Apple Discontinues the iPod Nano and ShuffleBy
Company discontinues aging iPod nano and iPod shuffle lines
IPod touch storage capacities doubled to fit more apps, video
After years of being outsold by the iPhone, the venerable iPod has taken a big step toward eventual oblivion. Apple Inc. said Thursday it was discontinuing two of the cheapest iPod models: the nano and shuffle.
The two products have been removed from the Apple online store and will vanish from retail locations as well. Apple demoted the iPod’s placement in its retail stores a couple of years ago, moving the devices to the company’s accessory shelves. The $149 nano and $49 shuffle were last updated with new colors in 2015, but the nano hasn’t been revamped since 2012 while the shuffle hasn’t been redesigned since 2010. The news arrives as the iPod regains a smidgen of pop cultural cachet thanks to the movie “Baby Driver,” in which the title character owns multiple vintage iPods and is rarely seen without earbuds.
“Today, we are simplifying our iPod lineup with two models of iPod touch now with double the capacity starting at just $199 and we are discontinuing the iPod shuffle and iPod nano,” Apple said in a statement.
The original iPod arrived in 2001. It wasn’t the first digital music player but it upended the music industry and put 1,000 songs in your pocket. The shuffle hit the market in 2005 as the first iPod with faster flash storage and without a screen, while the nano was introduced later in the year as a replacement for the then-popular iPod mini. Both went through several redesigns in their early years before being supplanted by iPhone.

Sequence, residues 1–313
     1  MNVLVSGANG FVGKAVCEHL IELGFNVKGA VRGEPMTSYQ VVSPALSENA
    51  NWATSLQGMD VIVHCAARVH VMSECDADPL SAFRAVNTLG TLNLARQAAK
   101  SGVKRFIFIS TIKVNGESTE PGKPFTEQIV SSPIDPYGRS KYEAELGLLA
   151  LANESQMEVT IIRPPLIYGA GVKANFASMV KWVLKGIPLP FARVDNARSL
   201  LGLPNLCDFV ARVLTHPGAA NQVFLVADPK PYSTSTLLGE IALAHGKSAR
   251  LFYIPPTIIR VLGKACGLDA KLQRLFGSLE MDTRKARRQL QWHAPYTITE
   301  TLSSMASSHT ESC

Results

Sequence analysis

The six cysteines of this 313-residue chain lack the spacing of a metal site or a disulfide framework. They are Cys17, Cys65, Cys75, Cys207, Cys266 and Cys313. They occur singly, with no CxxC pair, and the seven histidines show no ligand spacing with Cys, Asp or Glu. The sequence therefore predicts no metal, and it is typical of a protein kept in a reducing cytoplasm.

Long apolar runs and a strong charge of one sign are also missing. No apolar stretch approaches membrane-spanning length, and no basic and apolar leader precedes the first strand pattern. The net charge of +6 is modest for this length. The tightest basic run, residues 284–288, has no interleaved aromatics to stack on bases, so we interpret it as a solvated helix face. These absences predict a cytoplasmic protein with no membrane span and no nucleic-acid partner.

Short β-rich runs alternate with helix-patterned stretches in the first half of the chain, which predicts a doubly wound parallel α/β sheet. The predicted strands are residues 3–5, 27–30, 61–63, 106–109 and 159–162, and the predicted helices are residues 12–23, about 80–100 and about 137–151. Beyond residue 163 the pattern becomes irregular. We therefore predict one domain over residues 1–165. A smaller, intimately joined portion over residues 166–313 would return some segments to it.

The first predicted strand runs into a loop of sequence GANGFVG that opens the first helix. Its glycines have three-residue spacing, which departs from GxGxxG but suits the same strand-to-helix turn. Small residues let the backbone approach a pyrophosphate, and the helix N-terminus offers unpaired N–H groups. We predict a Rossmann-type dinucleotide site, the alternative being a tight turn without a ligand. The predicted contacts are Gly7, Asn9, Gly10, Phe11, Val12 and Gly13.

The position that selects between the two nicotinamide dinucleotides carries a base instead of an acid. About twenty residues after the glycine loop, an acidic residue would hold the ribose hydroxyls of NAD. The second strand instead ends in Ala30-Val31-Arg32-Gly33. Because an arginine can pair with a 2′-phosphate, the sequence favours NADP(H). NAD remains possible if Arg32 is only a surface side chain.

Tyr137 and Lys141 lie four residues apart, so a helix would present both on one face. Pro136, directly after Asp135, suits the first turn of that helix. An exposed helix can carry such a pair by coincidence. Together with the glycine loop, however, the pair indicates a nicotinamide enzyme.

The iPod touch, the company’s highest selling iPod and once referred to by Steve Jobs as an iPhone without the phone, remains on sale. The company updated the device’s storage capacities on Thursday, discontinuing the 16GB and 64GB models and lowering the price of the 32GB and 128GB options to $199 and $299, respectively.
Apple discontinued the iPod classic in 2014, a large iPod with a “click wheel” that looked most like the original model. Apple Chief Executive Officer Tim Cook said at the time that the classic was discontinued because the company was unable to source the necessary parts. Nonetheless, with the success of the iPhone, the lack of an App Store and services like iCloud and Apple Music, the non-touch iPods have become less useful to both Apple and consumers.
Apple, based in Cupertino, California, has sold more than 400 million iPods so far, while the iPhone surpassed a billion units sold in July 2016.